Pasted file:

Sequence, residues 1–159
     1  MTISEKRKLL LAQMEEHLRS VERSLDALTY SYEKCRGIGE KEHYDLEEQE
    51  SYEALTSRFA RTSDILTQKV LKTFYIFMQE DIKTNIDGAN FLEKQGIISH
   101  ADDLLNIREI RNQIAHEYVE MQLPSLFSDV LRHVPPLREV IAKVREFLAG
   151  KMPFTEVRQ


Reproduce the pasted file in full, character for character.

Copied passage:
Sequence, residues 1–159
     1  MTISEKRKLL LAQMEEHLRS VERSLDALTY SYEKCRGIGE KEHYDLEEQE
    51  SYEALTSRFA RTSDILTQKV LKTFYIFMQE DIKTNIDGAN FLEKQGIISH
   101  ADDLLNIREI RNQIAHEYVE MQLPSLFSDV LRHVPPLREV IAKVREFLAG
   151  KMPFTEVRQ